Brexit Briefing: Opposition to Chequers Plan
We hope you enjoyed our last Brexit Bulletin. This week, does the Chequers deal mean disaster? We’ll help you plan for Brexit to ensure you retain your valued workforce, despite the uncertainties of negotiations in the run up to Brexit. Sign up here to stay informed with regular updates.
Opposition to Theresa May’s Chequers plan
Boris Johnson has been criticising Theresa May’s Brexit plans again. He says the Chequers deal hands the EU victory and that the UK has “gone into battle with the white flag fluttering”. May’s plan proposes the UK shares a “common rulebook” with the EU, which may help keep border trade smooth. Critics believe this may stop the UK from being able to strike its own future trade deals.
Michel Barnier, the EU’s chief Brexit negotiator, is also “strongly opposed” to Chequers. “If we let the British pick the raisins out of our rules, that would have serious consequences,” he says – arguing that having a common rulebook for goods, but not services, would risk the European project.
Despite criticism on all sides, no other ideas have officially been put forward. It’s rumoured the Brexiteers will be bringing alternative offers of their own, in an attempt to force Theresa May into ditching the Chequers plan. May says she will not back down from the deal or compromise. She also has no intention of a second referendum, even though some are calling for a “People’s Vote”.
Will a No-Deal Brexit sink the pound?
Former Bank of England governor Lord Mervyn King is also criticising the government’s lack of planning for a No-Deal Brexit. He is shocked that we’re talking of stockpiling medicine and said:
“We haven’t had a credible bargaining position, because we hadn’t put in place measures where we could say to our colleagues in Europe, ‘Look, we’d like a free-trade deal, we think that you would probably like one too, but if we can’t agree, don’t be under any misapprehension, we have put in place the measures that would enable us to leave without one.'”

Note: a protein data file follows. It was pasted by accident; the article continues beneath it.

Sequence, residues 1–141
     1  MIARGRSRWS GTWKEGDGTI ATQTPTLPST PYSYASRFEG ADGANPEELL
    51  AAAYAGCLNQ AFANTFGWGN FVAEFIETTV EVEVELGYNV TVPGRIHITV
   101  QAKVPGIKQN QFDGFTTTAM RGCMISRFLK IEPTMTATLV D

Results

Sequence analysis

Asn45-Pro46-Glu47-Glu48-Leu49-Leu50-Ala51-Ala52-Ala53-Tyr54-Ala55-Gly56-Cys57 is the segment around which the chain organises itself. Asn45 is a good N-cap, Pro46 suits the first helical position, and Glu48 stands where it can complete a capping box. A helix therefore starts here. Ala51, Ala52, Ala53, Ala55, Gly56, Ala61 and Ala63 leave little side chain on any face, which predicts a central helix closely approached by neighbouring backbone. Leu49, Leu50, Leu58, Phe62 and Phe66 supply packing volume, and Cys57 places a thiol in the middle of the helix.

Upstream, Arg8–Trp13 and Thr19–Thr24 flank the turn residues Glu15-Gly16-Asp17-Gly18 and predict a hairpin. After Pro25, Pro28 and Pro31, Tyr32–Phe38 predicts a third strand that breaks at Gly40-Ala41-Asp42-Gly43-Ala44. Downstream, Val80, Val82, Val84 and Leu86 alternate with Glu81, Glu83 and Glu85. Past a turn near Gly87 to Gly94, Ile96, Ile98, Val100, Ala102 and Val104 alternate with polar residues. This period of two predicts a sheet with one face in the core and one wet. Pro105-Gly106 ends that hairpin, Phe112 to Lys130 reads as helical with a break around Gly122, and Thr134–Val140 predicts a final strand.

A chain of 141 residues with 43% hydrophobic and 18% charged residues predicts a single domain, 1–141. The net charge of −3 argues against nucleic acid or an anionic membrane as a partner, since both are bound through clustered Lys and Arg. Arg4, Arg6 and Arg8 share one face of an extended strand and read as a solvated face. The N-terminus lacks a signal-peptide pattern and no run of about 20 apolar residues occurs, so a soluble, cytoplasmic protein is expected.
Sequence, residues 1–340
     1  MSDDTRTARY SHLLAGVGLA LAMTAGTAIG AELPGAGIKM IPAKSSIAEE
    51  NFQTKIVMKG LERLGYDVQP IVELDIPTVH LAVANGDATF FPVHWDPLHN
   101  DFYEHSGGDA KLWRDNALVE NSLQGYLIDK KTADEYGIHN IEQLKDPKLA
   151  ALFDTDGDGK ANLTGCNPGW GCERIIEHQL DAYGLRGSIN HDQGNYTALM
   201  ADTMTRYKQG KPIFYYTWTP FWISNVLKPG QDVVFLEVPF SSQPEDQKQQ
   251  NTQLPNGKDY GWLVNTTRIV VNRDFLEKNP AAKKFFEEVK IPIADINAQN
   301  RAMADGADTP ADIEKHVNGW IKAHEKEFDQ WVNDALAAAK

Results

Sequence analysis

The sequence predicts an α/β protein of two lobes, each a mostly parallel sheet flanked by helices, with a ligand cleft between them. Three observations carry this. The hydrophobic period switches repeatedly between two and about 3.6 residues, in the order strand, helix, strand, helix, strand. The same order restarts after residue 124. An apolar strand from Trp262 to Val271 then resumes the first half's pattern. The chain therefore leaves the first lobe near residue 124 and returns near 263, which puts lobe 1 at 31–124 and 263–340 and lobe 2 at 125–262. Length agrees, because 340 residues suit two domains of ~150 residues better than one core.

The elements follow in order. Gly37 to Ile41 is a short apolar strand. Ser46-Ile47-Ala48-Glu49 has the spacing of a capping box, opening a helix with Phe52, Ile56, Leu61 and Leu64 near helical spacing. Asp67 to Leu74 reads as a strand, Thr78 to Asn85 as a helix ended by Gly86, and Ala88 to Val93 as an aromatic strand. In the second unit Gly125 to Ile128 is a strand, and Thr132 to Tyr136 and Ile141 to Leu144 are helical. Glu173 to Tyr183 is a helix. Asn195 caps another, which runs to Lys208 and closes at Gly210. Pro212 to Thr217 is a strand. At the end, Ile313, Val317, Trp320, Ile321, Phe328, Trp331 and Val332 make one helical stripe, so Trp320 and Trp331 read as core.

By the look of this new leaked photo of ‘no deal’ plans, the government are preparing for the worst.
- The EU summit (where a deal should be agreed) is on October 18th.
- It’s likely the deal will be pushed back to November or December.
- We leave the EU on March 29th – for better or worse, our Brexit Day.
Post-Brexit seasonal worker scheme announced
As the agricultural sector braces itself for Brexit, a new 2-year pilot scheme has been announced to help soften the blow. In light of the increasing labour shortage since the referendum, 2,500 non-EU workers will be able to come to the UK each year. They will be granted a 6-month visa to work on fruit and vegetable farms. It will be trialled between spring next year and December 2020.
“We have listened to the powerful arguments from farmers about the need for seasonal labour to keep the horticulture industry productive and profitable,” says Michael Gove.
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